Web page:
Lost Jobs Or Lost Opportunity

Lost manufacturing jobs have become a hot topic. President Bush has even visited a center of manufacturing in northeast Ohio to deliver a speech pledging to do something about it.

Jim Pinto takes a look at the issue in his column this month. He analyzes the tremendous growth in economies and education in India and China and the potential they have to challenge U.S. interests.

Dick Morley, a long time industry leader, angel investor and pundit, wrote in Pinto’s Oct. 3 e-newsletter that Americans have the idea that manufacturing is bad, so “don’t put it in my backyard.” He contends that jobs are not leaving, but are being driven out by American communities (http://www.jimpinto.com/enews/oct3-2003.html).

I challenge that assertion as too negative. Just check out western Ohio, where I live. My little city of 17,000 has an enviable number of manufacturing jobs. Community leaders have not stopped to rest on their laurels, either. Every other city and town in the region competes for every new manufacturing plant. Further, competition for these jobs is never limited just to our area. It seems that companies are weighing offers from at least four different states before deciding on location.

Is automation to blame for the erosion of jobs? Remember that productivity is a good thing, and no less an authority than Alan Greenspan has praised technology’s role in boosting it. Automation has no doubt replaced many unskilled jobs, but has also created jobs requiring technical training. When automation replaces jobs, it just means that the workforce must become more highly trained.

Suddenly Wal-Mart has become the subject of articles in the business press analyzing its impact on the U.S. economy. The best of the lot that I’ve seen is “The Wal-Mart You Don’t Know,” by Charles Fishman, published in the Dec. 2003 Fast Company magazine. Fishman uses a few anecdotal stories and some interviews to reveal how the company squeezes manufacturers relentlessly for cost reductions to the point of driving much of the manufacturing offshore in endless pursuit of lower wages and other costs.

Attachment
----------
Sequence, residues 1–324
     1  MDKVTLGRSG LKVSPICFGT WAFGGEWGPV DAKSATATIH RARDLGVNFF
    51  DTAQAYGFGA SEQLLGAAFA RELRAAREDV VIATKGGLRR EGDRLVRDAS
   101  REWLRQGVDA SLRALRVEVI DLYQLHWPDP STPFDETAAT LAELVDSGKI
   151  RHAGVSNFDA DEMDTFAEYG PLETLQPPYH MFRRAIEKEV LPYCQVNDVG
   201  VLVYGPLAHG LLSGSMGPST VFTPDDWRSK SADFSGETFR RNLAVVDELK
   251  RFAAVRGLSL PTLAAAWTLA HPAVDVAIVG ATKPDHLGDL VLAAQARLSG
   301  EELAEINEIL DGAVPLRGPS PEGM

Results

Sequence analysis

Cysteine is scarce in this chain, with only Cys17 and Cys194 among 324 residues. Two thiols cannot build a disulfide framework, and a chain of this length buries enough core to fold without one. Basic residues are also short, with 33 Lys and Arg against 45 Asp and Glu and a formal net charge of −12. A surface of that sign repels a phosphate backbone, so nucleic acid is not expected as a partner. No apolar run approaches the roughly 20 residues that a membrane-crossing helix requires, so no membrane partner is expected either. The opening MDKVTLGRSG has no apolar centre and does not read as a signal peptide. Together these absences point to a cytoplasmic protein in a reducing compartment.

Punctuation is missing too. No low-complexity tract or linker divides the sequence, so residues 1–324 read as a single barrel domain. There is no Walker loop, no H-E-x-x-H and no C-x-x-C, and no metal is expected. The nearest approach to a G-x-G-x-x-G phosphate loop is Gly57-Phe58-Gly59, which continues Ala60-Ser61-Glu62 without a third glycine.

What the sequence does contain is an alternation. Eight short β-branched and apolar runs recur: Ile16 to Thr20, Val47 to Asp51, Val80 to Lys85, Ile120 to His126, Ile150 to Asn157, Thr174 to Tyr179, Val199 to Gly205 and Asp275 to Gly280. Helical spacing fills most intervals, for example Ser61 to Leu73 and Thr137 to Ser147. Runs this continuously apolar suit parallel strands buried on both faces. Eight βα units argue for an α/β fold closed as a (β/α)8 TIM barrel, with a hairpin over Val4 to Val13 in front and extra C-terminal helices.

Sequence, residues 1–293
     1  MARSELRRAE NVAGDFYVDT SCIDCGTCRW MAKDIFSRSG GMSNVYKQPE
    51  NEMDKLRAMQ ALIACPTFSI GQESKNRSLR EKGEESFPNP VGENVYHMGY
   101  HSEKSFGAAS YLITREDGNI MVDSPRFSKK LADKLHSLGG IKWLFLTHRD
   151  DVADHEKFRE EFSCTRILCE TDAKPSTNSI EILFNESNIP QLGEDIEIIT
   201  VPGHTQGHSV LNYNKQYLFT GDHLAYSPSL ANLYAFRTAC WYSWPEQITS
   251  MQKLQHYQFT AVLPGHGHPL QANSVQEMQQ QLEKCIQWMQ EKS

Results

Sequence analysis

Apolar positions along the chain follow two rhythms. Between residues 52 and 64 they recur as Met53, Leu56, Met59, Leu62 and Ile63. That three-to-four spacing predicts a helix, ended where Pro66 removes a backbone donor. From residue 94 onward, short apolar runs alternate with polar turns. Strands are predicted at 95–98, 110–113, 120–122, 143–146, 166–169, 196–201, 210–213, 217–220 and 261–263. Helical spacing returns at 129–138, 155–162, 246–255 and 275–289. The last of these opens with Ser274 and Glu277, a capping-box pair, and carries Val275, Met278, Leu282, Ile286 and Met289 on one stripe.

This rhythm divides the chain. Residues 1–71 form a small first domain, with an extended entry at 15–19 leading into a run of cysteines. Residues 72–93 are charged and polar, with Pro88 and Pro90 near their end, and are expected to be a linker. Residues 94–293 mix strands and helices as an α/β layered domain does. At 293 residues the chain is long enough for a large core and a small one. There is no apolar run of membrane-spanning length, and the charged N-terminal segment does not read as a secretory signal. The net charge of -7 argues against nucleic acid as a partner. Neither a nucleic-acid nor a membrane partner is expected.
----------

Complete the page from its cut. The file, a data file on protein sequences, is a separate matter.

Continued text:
Consider this. Who forced the companies to do business with Wal-Mart? Many find themselves in a profit bind after the initial surge of sales. Some executives look for growth in sales. My training, which has proven out over years of experience, held that the only true growth is growth in profits.

Build for the future

I think that a major factor in job loss in a country is lack of vision. Sure it’s other things, too, but where are the companies and people today that we’ll remember like those companies founded 100 years ago this year? Ford Motor Co., Harley-Davidson, Allen-Bradley (now Rockwell Automation) and Square D (now Schneider Electric) are still going. Let’s get down to it, and build our companies for the future. As Pinto says in this month’s column, “Move strongly to maintain a lead in technology innovation.”

Assuming that you are working for a company with vision, then how do you justify purchasing a new automation system? Or even justify upgrading that faithful one that’s on its last legs after years of service?

This month, Automation World looks at how the buying decision has changed in the last few years. One thing stands out above all else—justification is almost entirely on economic terms. Few executives are approving funds just to have the latest technology.

I’ve been a student of this for a long time—ever since I was known as “the kid in engineering” (obviously a long time ago) at a manufacturing company. There’s nothing that will make you learn the language of finance any faster than standing before executive and senior vice presidents of a Fortune 50 company and explaining why they should put capital into your plant. I hope the article on justifying projects helps you get your next project approved.

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